- Review Price: £77.00
Over the last few weeks there has been a lot of talk on various websites about AMD’s new budget processor, and now the Sempron has finally arrived. The speculations behind what the Sempron would be were confusing and didn’t seem to make sense at the time and it’s still not quite clear why AMD has released some of the models.
A range of different speed chips were made available at launch starting at 2200+ and going up to 2800+ in even 100+ ratings except for a 2700+ which is missing from the line-up. All of these processors are for the older Socket-A platform and are more or less re-badged Thoroughbred-B core Athlon XPs. The difference is the speed rating, as the 2800+ Sempron has an actual clock speed of 2.0GHz whereas the 2800+ Athlon XP is clocked at 2.083GHz.
Now reusing older technology makes sense for a budget part, but it does feel a little cheap. That said, as the Sempron is going head to head with Intel’s Celeron processors it’s not hard to see why AMD has taken this route as the fastest Celeron D, the 335, is only clocked at 2.8GHz.
The war of the budget processors has been ongoing for some time and Intel started it all a very long time ago with the introduction of its SX range of 486 CPUs that removed the maths co-processor in order to cut cost. But the Celeron processors are much more recent, dating back to the days of the Pentium II. The original Celeron processor was not a great hit for Intel as it completely lacked level two cache, making it a poor performer. Intel quickly addressed this issue by producing the Celeron A chip, which sported half the Level 2 cache of the Pentium II chip.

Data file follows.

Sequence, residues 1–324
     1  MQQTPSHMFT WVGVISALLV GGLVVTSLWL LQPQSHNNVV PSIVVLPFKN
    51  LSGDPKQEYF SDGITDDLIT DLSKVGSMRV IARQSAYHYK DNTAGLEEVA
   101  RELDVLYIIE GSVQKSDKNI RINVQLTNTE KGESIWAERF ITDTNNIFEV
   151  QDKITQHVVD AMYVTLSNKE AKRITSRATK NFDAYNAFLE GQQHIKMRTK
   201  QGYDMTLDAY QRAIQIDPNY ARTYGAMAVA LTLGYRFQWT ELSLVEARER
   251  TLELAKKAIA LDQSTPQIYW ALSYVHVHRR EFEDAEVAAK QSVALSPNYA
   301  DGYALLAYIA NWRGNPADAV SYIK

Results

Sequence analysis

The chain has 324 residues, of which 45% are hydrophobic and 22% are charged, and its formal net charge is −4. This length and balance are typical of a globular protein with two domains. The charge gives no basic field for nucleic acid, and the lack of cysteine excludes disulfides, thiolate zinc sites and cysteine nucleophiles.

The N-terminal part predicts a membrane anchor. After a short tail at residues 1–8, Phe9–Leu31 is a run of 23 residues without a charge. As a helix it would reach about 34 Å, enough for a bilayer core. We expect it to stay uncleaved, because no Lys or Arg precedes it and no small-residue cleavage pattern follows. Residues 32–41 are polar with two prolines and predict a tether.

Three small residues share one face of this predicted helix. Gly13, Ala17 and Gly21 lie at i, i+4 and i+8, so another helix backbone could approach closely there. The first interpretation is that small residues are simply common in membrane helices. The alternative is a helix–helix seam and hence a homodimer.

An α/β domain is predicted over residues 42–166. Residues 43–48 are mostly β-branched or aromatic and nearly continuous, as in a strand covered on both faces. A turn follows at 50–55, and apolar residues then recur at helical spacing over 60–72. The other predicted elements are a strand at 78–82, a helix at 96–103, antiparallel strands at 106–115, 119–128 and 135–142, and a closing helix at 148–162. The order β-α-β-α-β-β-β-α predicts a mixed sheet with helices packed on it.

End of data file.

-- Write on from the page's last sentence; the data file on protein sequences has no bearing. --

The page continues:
But Intel was on its own with a budget processor until AMD introduced Socket-A – along with moving the Athlon processor from Slot-A to the new socket AMD also introduced the Duron, which is the father of the Sempron. The Duron was a cut down version of the Athlon with less cache memory, much like Intel’s Celeron processor.
However, the Sempron is a completely different animal to the Duron as the Socket-A variety runs at 333MHz bus speed and features 256KB Level 2 cache memory – the same amount as the previous generations of Athlon XP processors. As with all Athlon processors the Level 1 cache is a generous 128KB. The Barton core was given a boost to 512KB to improve the performance when Intel upped the cache memory in the Pentium 4 processors.
There is however one Sempron chip that we haven’t touched on yet and that is the 3100+ which doesn’t have anything in common with the others apart from its name. The 3100+ is a cut down version of the Athlon 64 processors and is designed to fit in Socket-754 motherboards. It is clocked at a mere 1.8GHz, which is the same speed as the 2800+ Athlon 64, although the level two cache has been cut from 512KB for the Athlon 64 to 256KB as with the other Sempron processors.
There is one other difference between the Sempron 3100+ and the Athlon 64 – it lacks support for 64bit operating systems. Now this is probably not an issue for most people, especially since budget users are going to be running 32bit operating systems for some time. But the reason that AMD has done this is not quite clear, apart from the fact that it doesn’t want people to purchase the Sempron in favour of its Athlon 64 processors.